There are seven Democrats seeking to be the next state representative in the 7th Norfolk District, which includes portions of Milton and Randolph.
MILTON – A crowded field of seven Democrats are running for the open 7th Norfolk District House seat in Thursday’s primary election.
With no Republican or Independent on the Nov. 8 ballot, the winner of the primary is a virtual lock to hold the seat come November.
The seat has been held for the past 18 years by Walter Timilty, who is running for the state senate.
The district is made up of portions of Milton and Randolph, and two of the candidates live in Randolph and five in Milton. There has not been a Randolph resident in the state Legislature for 36 years.
Jason Adams, 27, is the president of the Randolph Town Council and a third-year student at Boston College Law School.
Education is Adams’ top priority, and he wants to see more fairness in the state aid formula for schools.
“It defines property values, but it determines the opportunities our children will have in the future,” Adams said of local schools.
James Burgess, 47, is a member of the Randolph Town Council, a former selectman and has held other offices during his three decades in town government. He sees serving in the Legislature as an opportunity to continue that work.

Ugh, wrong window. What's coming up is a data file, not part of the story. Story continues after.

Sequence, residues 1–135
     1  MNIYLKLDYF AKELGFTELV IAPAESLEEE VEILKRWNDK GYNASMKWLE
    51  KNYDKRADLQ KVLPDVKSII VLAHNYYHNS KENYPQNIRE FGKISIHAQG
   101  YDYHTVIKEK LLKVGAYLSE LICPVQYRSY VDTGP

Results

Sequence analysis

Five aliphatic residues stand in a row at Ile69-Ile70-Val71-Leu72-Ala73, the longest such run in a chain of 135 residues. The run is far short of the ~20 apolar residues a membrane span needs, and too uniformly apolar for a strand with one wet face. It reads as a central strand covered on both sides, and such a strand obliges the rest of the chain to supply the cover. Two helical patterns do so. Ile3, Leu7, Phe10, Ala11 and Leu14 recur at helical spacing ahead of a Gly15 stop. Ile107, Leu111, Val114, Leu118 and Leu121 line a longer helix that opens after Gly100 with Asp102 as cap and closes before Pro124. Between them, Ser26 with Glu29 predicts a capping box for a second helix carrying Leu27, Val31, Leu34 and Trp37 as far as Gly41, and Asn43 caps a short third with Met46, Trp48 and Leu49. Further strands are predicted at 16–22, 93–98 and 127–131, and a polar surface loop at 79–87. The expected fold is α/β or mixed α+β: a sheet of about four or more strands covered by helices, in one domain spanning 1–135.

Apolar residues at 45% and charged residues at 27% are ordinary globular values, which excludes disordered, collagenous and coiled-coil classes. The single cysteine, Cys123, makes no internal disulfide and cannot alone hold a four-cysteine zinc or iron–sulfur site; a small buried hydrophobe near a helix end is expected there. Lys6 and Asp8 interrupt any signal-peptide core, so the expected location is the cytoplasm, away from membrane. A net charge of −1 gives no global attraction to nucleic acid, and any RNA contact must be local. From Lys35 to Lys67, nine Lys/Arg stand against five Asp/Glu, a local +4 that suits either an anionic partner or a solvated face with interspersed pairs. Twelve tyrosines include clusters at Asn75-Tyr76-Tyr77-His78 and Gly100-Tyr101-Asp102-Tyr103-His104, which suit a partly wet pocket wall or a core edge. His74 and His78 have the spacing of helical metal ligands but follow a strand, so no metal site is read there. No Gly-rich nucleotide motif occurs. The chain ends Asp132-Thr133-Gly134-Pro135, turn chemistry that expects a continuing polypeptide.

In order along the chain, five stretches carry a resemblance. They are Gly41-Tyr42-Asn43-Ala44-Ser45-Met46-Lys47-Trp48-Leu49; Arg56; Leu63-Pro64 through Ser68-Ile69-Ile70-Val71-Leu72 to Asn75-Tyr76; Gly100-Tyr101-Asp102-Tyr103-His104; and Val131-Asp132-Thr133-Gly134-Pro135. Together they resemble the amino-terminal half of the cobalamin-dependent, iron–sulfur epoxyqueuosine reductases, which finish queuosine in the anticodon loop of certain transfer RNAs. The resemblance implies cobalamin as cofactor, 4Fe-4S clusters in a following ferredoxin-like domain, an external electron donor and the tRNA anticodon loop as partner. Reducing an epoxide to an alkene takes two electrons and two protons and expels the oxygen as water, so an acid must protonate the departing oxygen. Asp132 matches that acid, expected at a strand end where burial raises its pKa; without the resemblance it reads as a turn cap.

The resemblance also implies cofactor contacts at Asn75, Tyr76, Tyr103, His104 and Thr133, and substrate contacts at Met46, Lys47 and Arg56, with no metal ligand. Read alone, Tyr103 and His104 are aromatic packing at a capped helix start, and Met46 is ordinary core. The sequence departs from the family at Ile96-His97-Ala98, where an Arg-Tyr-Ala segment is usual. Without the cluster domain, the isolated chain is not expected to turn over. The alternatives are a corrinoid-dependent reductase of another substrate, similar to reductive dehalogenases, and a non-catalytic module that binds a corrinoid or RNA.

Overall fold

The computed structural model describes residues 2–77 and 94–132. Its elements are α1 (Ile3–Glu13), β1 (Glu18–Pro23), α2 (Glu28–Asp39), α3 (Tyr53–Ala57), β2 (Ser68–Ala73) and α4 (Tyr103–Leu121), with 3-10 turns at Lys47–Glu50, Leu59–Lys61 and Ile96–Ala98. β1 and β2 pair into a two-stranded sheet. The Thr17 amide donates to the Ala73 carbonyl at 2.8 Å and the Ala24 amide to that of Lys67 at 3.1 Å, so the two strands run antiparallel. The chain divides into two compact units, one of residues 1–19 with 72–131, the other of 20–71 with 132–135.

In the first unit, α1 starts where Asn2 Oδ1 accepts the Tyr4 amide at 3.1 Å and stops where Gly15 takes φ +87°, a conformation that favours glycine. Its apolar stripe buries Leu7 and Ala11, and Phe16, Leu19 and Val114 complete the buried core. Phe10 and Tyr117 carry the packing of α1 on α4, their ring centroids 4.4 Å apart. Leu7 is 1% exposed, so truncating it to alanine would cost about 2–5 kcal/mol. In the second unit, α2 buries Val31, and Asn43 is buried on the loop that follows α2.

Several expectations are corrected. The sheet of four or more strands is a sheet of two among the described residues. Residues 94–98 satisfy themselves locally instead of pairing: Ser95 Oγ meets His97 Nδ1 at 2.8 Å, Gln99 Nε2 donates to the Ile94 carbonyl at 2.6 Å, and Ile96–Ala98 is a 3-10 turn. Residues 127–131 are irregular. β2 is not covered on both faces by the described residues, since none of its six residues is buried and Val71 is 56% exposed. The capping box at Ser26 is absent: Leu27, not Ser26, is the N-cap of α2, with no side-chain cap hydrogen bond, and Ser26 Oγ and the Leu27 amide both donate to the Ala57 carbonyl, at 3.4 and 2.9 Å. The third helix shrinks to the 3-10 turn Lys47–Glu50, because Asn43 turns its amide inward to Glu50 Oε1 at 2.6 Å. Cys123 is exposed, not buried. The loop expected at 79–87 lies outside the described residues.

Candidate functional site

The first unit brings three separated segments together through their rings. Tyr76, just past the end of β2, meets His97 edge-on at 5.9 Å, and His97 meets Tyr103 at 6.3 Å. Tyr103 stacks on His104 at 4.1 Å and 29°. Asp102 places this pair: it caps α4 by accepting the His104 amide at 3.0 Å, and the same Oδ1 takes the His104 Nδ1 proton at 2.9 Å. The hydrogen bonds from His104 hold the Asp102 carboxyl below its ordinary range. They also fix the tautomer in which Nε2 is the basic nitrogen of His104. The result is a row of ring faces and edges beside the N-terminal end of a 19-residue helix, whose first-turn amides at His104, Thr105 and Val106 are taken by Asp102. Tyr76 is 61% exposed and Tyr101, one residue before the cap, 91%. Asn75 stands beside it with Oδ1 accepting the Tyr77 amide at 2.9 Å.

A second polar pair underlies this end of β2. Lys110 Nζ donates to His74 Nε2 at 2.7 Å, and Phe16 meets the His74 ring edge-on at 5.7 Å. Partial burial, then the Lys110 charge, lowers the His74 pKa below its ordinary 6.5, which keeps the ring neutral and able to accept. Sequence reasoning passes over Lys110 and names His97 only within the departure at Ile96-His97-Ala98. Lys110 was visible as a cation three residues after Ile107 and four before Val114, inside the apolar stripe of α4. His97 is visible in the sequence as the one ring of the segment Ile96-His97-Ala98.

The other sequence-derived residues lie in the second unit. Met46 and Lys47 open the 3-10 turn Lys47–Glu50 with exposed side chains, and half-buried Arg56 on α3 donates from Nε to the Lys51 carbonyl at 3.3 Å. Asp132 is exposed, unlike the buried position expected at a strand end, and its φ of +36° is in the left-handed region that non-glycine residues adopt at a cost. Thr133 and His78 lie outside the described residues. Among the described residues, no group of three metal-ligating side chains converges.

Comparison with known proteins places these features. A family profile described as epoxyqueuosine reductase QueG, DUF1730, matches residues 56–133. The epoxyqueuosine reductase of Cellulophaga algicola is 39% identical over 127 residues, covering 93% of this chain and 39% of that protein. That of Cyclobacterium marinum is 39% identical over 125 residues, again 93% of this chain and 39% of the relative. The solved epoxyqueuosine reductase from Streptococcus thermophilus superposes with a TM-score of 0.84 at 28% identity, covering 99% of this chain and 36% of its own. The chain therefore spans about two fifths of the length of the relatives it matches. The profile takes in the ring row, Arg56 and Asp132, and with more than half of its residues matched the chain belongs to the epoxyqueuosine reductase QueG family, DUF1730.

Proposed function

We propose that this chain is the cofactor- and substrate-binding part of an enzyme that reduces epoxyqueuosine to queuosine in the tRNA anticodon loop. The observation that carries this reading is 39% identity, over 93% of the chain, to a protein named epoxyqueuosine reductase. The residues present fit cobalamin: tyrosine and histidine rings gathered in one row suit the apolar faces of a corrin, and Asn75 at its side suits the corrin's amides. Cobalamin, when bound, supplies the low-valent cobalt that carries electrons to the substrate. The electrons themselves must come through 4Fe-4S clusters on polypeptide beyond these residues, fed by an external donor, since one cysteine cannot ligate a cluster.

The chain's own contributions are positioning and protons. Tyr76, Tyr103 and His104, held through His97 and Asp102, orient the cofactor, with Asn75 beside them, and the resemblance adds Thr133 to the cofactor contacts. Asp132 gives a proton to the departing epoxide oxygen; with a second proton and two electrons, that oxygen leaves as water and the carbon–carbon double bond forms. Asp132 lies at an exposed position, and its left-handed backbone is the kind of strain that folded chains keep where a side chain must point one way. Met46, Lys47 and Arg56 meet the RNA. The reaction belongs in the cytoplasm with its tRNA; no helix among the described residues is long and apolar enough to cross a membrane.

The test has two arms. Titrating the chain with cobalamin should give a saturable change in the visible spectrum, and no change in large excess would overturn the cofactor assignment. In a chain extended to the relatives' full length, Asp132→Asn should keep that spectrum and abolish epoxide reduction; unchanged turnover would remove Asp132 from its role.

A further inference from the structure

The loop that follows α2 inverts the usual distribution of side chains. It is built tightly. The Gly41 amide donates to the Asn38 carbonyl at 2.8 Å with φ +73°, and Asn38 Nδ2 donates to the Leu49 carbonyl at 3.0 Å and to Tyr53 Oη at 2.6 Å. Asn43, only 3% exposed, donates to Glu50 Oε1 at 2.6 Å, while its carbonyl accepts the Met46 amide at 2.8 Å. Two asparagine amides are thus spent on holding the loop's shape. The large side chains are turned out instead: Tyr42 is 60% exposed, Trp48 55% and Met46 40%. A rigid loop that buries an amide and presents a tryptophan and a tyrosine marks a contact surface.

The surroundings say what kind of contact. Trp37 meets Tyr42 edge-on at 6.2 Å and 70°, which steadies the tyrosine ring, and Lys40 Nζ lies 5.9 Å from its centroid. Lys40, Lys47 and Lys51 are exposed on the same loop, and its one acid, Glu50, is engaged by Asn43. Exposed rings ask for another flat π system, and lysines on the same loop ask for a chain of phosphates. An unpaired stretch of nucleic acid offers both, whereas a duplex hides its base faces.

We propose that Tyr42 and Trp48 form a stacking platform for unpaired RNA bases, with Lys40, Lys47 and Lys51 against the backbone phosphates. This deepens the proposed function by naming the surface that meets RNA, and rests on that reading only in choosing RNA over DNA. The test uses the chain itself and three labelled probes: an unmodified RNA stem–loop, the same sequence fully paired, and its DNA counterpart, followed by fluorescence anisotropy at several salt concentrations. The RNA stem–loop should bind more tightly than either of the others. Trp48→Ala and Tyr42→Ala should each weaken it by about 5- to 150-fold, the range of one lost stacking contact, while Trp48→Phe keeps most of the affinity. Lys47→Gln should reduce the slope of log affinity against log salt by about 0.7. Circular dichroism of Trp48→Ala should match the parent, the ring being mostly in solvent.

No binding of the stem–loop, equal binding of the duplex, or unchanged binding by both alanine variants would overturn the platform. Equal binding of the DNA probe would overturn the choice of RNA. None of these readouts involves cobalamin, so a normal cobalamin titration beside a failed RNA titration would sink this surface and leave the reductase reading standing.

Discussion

Burgess said his priority “bringing resources back to Milton and Randolph” from the state and federal governments.
Bill Driscoll, 33, of Milton, said he has gained a wealth of experience working at all levels of government through his job as executive director of a non-profit agency specializing in disaster relief.
“I have a strong record of putting others first,” he said.
Driscoll supports additional prevention efforts and expanded treatment options to deal with the opioid crisis.
Tony Farrington, 40, of Milton is a lawyer making his first bid for state office. Farrington said his experience working on issues at the State House for Norfolk County Sheriff Michael Bellotti and for the state’s sheriffs’ association would be an advantage as a legislator.
“It’s a relationship business,” said Farrington, who pledged to be a full-time legislator.
Kerby Roberson, 58, is a lawyer and a former member of the Milton warrant committee. Roberson, who emigrated from Haiti 35 years ago, notes that he is the only candidate who has lived in both towns in the district.
“I want to make a difference in the district and bring new people into the system,” Roberson said. “There needs to be new voices and new ideas.
Denise Swenson, 48, of Milton is a television producer and the president of the Friends of the Blue Hills.
Swenson said she is running because “we need a fresh perspective, a new way of looking at things.”
Swenson said she has been successful in building coalitions for causes such a preserving the Blue Hills and fighting Lyme disease.
Michael Zullas, 52, is a lawyer and a former member of the Milton school and warrant committees.
Zullas said he would bring to the Legislature the experience he’s gained on education issues as well as in his legal career, which includes working as a prosecutor for the state attorney general’s office.
“What differentiates me is my record of service and success,” Zullas said.